This simplicity is part of the problem in that none of the characters feel fleshed out. In contrast a not dissimilar film “Last House on the Left” managed in a similar short time to establish it characters and give you a sense of who they are. Here we really feel we know little about the characters. Another issue is how long the rape scenes go on for. Jennifer is raped, recaptured and raped again 3 times in what takes up nearly 30 minutes of screen time. It is gruelling but unlike what it’s most vociferous critics would claim it does not appear to be done just to shock nor to simply revel in sadism. It is clear we are supposed to feel Jennifer’s pain and emphasise with the horror of her experience.


Despite what this reviewer sees as relatively good intentions there is still some issues with the scenes. First there is the choice to film the rapes, mostly, from Jennifer’s POV. Clearly some thought was put in to this decision with the filmmaker believing this would cause the audience to emphasise more with Jennifer’s experience but in some way the opposite effect happens as because we are not seeing what is happening to her merely seeing through her eyes this in a way lets the audience off the hook. The sheer length of the rape scenes is troublesome as well. Where as in other controversial like the aforementioned “Last House on the Left” and the, relatively, more recent “Irreversible” there is some visceral about the scenes of sexual violence which make them simultaneously hard to watch but also hard to look away. Here though a weariness set’s in and in some respects lessens the shock.

While some of it seems clumsily done there is powerful moments in these arduous scenes and afterwards the scene where she is alone and suffering the after-effects of the rape are well done and Camille Keaton powerfully portrays the trauma of what has happened to her. Also I would disagree with critics that have bashed it for “sexualising” or “justifying” rape. As described previously while the rape scenes are not without issue they certainly are grim and not in the slightest erotic. Also while the rapists themselves make “she was asking for it” arguments the film itself distances itself from this insidious line of thinking and shows these characters to be delusional.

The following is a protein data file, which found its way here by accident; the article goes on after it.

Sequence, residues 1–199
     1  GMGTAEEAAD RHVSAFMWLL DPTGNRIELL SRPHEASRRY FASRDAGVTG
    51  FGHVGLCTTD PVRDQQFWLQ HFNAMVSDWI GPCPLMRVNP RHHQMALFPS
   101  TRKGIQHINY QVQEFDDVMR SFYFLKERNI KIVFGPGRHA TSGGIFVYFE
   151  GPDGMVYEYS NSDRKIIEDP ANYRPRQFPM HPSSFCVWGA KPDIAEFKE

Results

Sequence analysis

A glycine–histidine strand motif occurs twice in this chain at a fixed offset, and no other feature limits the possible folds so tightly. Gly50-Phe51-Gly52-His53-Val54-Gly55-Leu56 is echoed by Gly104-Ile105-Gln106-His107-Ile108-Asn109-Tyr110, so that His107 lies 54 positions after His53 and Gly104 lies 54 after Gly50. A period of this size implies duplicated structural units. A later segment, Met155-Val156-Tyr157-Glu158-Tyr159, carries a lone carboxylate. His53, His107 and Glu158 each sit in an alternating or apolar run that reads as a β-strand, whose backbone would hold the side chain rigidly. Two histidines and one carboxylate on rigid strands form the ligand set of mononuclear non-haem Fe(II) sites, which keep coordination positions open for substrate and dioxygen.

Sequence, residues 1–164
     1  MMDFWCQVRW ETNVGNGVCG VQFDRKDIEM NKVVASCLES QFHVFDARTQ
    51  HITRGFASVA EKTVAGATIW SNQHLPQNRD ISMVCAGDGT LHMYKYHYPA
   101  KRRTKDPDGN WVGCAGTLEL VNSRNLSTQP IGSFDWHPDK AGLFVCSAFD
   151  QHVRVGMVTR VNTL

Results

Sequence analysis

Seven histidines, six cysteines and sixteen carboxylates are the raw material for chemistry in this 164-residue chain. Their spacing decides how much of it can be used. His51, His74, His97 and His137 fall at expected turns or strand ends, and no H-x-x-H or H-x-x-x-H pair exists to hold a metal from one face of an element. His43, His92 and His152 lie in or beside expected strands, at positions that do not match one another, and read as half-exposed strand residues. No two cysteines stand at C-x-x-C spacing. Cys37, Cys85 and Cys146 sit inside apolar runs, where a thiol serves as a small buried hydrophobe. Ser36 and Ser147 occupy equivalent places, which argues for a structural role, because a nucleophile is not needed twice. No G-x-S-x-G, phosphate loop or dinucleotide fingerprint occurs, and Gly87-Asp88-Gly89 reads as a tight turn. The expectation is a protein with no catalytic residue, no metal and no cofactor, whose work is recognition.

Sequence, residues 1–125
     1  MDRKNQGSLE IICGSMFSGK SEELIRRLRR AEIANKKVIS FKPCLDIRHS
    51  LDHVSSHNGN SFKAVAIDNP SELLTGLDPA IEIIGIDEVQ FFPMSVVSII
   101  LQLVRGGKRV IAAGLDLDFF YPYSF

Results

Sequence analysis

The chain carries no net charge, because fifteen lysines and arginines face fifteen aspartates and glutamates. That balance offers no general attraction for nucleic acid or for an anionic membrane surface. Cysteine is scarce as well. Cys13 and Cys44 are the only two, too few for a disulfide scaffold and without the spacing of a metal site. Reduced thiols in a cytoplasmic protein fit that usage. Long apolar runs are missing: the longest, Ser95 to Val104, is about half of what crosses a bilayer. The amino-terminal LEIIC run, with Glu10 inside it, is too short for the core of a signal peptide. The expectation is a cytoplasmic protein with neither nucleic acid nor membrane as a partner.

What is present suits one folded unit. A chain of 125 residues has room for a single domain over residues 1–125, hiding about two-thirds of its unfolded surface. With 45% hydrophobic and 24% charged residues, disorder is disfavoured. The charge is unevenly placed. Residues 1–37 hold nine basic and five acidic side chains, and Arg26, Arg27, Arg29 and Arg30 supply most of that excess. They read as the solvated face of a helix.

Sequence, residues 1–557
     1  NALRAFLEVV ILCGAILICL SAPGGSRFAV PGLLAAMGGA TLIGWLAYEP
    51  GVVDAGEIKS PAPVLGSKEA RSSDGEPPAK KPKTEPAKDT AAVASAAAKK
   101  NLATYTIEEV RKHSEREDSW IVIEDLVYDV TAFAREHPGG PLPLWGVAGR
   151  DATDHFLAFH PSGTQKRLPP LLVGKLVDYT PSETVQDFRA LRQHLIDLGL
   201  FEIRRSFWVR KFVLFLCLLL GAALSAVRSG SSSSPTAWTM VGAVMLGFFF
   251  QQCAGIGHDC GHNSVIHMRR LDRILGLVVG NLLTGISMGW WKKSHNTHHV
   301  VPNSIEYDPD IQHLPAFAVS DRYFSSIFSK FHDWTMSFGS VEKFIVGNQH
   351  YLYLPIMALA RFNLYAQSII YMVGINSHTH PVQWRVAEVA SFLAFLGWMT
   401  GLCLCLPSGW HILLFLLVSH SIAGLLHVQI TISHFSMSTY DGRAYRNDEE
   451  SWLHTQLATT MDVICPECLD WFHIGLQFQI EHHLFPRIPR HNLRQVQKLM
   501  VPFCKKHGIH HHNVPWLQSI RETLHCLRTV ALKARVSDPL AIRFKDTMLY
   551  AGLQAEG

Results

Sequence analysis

As the film goes into the second half there is a dramatic tonal shift. The first half has a grim, grimy seriousness but the revenge part of the movie gets increasingly wacky and by the final death via Speedboat scene we enter pure Looney Tunes territory. While jarring there is some fun to be had watching Jennifer merrily bumping off her various attackers which includes one of the most memorable (and ludicrous) castration scenes you are ever likely to see.


Overall: Not a great film but certainly not a “vile bag of garbage” either. There is strong elements here and in some respects it is a film that has been unfairly maligned. It was clearly made with more than just shock in mind and is generally well-acted and competently made (this may sound backhanded but compared to a lot of Nasties this is high praise) if an ultimately misjudged film. It also a films that provokes strong reactions which is why I would recommend people watch it at least once.

Words By Scott Murphy